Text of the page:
Optimistic rendering

Adam Chernitsky
3 min readJan 21, 2020


When building web applications the most important thing to consider is user experience. If you designed a web app that allowed someone to create something and append it to the page, how joyful would the user experience be if what they created didn’t show up? Or what if the thing they created disappeared after a refresh?

Optimistic rendering is basically tricking the DOM (document object model) into appending something to the page that isn’t actually in the database yet. The main way to do this is by having a form on your web app that someone can use to add something to the page after clicking a submit button. For example on a social media page this could be a post from a user. If you’re using JavaScript to optimistically render something to the page you’d need to create a form in your html with some labels and inputs and you will also need somewhere to put the new data you’re going to be adding to the page. Here’s an example from a project I made:

In my example I am fetching data from a backend that I built myself in rails with endpoints to dogs and breeds. So for my example I had to make a fetch to the backend and then I handled the JSON (JavaScript Object Notation) response and made a function that handles all the rendering:

Now I began building the showDogs function. In this function I used form data for the input fields and you would likely use query selector to grab the form and the container (in this case a section) from your html. Since in this example I’m fetching from the backend, the form data I am fetching is consistent with the names of the attributes from my database. You will also use an event listener to put on your submit button so that when clicked the information that was put in the input fields will be submitted to the page. Generally with a submit event listener you want to use event.preventDefault() to keep the page from automatically refreshing after submission. Since we’re are doing optimistic rendering here it is crucial that you have this or the page will refresh and you will not see what you have just attempted to append to the page. Here is an example of what’s next:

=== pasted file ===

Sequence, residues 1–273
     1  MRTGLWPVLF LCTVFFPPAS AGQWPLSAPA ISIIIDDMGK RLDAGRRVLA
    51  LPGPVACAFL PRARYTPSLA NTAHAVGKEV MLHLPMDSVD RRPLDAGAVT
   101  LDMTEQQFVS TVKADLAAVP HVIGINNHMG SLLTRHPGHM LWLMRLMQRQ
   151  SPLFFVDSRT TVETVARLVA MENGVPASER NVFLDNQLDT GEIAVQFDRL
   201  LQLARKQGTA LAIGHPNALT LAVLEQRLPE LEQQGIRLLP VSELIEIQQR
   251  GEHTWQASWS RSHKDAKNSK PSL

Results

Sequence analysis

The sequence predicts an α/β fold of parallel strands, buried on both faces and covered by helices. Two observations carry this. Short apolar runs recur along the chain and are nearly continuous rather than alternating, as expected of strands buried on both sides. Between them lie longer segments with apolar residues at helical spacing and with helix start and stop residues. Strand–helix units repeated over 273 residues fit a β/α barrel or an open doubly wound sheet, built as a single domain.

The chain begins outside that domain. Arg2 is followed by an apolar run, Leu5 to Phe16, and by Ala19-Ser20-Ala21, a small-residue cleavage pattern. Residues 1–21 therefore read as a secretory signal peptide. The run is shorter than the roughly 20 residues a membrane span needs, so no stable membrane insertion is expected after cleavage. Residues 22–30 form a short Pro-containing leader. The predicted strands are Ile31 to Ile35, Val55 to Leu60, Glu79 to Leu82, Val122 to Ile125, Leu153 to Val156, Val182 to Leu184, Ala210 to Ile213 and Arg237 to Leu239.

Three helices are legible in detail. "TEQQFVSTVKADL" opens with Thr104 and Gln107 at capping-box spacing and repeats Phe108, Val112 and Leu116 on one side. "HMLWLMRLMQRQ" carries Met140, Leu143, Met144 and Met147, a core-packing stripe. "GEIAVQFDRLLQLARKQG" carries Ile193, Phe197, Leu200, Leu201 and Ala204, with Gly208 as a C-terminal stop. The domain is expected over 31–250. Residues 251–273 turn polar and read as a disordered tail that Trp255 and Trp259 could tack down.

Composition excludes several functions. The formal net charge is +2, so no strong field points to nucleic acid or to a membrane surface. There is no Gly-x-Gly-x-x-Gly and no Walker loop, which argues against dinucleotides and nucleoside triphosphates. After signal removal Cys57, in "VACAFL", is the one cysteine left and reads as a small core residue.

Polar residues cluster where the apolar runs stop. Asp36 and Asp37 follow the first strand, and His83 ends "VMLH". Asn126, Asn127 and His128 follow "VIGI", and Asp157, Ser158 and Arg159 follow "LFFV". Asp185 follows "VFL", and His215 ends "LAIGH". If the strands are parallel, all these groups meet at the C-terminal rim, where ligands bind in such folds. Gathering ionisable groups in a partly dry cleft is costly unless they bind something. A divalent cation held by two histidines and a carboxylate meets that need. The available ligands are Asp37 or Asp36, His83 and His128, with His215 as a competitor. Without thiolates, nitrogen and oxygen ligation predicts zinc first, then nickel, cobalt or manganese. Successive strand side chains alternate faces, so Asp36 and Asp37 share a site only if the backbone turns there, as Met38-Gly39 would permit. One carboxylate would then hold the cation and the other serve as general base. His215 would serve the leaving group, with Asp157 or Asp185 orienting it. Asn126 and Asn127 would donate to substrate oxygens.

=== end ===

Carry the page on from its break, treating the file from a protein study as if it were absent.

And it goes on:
For this specific example with each object being created by the form I wanted to create a div to append the new information to. Inside this div is where you will create some html elements with javascript, and use the form data from the previous picture to manipulate these new elements into displaying what you desire. After that they will be appended to the page:

With this code you will be able to make something appear on the page but it wont survive a refresh. To learn how to make something survive a refresh or persist read one of my other blog posts ‘Fetch Calls and Persisting Data.’